OTTAWA (Reuters) - Canadian universities are facing a financial crunch amid the COVID-19 crisis, as a drop in foreign enrollment and shuttered campuses dent the bottom line and the country’s slow vaccine rollout weighs on the next school year.
Public universities have become increasingly dependent on foreign students, who pay far higher tuition than domestic students, to boost their profits. International enrollment jumped 45% over the last five years, advocacy group Universities Canada said, but it fell 2.1% this year amid coronavirus restrictions.
International students at Canadian universities
That decline, coupled with a sharp fall in revenues from campus services like conferences, dorms, food halls and parking, has hit the schools hard. Canada’s slow vaccine campaign - it currently lags well behind global peers on inoculations - and the emergence of new variants, could extend the slump in enrollment and campus revenues into the next year school, experts warn.
“Overall, we are expecting universities to post consolidated deficits this year,” said Michael Yake, a senior analyst with rating agency Moody’s.
It is still too soon to know the final impact of COVID-19 on the current year. The University of British Columbia, for example, is projecting a deficit of C$225 million ($177.2 million) this year compared with a C$60 million surplus budgeted pre-COVID-19. And the uncertainty will continue.
“We’re not assuming the vaccine is going to be in place for the fall,” Yake added. “Even if in Canada the vaccines are available, that doesn’t means it’s going to be available for the international students.”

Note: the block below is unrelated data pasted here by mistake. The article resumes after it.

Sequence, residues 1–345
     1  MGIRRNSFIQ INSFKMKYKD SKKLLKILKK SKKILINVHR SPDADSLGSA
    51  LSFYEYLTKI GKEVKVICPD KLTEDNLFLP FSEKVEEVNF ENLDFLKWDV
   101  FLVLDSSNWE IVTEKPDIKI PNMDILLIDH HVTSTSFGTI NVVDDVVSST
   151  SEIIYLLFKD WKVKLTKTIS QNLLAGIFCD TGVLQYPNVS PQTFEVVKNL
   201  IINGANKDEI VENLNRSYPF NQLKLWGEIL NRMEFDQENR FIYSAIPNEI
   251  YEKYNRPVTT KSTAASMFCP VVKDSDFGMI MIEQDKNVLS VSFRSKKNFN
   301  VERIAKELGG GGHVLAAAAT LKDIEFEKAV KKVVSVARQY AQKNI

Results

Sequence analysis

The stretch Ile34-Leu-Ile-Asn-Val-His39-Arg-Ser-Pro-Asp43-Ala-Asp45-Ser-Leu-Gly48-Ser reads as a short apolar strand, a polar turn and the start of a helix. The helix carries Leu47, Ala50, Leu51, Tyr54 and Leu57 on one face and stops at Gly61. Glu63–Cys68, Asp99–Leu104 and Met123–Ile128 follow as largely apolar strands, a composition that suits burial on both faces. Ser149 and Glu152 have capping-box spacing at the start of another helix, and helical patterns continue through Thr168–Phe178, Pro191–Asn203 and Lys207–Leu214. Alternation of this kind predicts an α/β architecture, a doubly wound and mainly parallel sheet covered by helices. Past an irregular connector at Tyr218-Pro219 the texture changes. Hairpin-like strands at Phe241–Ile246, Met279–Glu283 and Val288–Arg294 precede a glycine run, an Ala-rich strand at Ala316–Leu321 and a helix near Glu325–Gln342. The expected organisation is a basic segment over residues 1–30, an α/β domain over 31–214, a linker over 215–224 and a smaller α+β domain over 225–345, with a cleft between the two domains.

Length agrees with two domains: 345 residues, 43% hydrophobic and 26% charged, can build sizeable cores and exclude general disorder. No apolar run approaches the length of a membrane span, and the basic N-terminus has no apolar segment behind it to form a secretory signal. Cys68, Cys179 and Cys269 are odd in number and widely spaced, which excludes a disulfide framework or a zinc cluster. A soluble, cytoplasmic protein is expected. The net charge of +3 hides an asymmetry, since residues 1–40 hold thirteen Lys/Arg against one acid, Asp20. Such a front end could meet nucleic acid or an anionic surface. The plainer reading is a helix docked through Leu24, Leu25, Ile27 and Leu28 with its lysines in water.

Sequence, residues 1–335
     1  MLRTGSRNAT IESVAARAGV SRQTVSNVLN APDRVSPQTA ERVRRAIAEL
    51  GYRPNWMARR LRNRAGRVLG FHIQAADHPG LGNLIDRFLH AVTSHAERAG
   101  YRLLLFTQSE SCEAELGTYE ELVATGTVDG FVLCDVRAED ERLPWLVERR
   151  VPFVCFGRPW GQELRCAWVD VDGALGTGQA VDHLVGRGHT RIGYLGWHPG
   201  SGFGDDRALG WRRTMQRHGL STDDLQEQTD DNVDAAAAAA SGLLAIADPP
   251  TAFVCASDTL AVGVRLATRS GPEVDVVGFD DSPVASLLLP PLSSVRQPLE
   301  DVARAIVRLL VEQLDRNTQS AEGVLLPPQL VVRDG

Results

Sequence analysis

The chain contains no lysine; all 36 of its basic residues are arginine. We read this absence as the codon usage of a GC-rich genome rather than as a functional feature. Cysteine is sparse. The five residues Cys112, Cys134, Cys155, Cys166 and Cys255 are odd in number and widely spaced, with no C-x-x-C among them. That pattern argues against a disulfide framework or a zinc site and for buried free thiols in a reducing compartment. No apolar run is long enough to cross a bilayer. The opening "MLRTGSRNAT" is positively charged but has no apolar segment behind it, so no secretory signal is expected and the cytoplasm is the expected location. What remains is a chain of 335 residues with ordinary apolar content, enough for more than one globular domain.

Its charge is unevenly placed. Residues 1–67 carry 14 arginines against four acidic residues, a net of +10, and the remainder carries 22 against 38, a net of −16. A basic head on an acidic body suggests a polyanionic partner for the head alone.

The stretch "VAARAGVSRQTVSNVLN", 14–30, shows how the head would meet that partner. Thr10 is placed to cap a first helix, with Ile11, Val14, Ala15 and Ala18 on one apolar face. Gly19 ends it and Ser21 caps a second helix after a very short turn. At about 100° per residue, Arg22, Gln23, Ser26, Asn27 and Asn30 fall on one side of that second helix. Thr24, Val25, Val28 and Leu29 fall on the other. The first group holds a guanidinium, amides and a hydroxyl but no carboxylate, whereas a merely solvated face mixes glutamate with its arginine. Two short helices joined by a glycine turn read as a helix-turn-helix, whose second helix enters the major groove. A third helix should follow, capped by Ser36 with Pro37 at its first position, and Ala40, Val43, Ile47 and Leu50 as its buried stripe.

While most of Canada’s universities are well positioned to weather the COVID-19 storm, an unexpected move by Laurentian University in Ontario to file for creditor protection this month has sparked concerns. Experts says that while Laurentian’s situation is unique, other schools also face cost pressures and some may be too reliant on foreign tuition.
International students brought in almost C$4 billion in annual revenue for Canadian universities in 2017/18, the most recent data from Statistics Canada showed. On average, they pay five times the tuition of domestic students and account for nearly 40% of all tuition fees.
Tuition at Canada's Top 5 universities
At Canada’s top three ranked universities, foreign students make up at least a quarter of the student body. Many stay in Canada after graduation and contribute to economic growth.
Canada did stave off a feared enrollment plunge this year, in part because the federal government made it easier for international students to get work permits after graduation, but the huge gains in foreign students of the previous five years are likely over.
Indeed a trend that saw many international students choose Canada over the United States in recent years could reverse as U.S. President Joe Biden’s administration overhauls the U.S. immigration.
“Something that’s benefited Canada for some time is the political environment in the U.S., as it drove more international students to Canada,” said Travis Shaw, a senior analyst at rating agency DBRS Morningstar.
The change of administration “probably means we’ve got more competition for those international students in the years ahead,” he said.
An increase in domestic students could offset some of the need for new foreign students, but their lower tuition fees will create a significant financial gap. Other cost-saving alternatives might include reducing course offerings and consolidating smaller schools.
And while international enrollment is expected to stabilize as COVID-19 restrictions are lifted, the longer the pandemic drags on, the greater the risk that more international students will go elsewhere to study, particularly if competitor campuses are able to safely reopen before those in Canada.
“Most students want to come to Canada for the student experience. If a student experience does not seem viable over the term of the course, it is sure to be a deterrent,” said Aditi Joshi, an analyst at DBRS Morningstar.
($1 = 1.2738 Canadian dollars)
Reporting by Julie Gordon in Ottawa; Editing by Denny Thomas and Aurora Ellis
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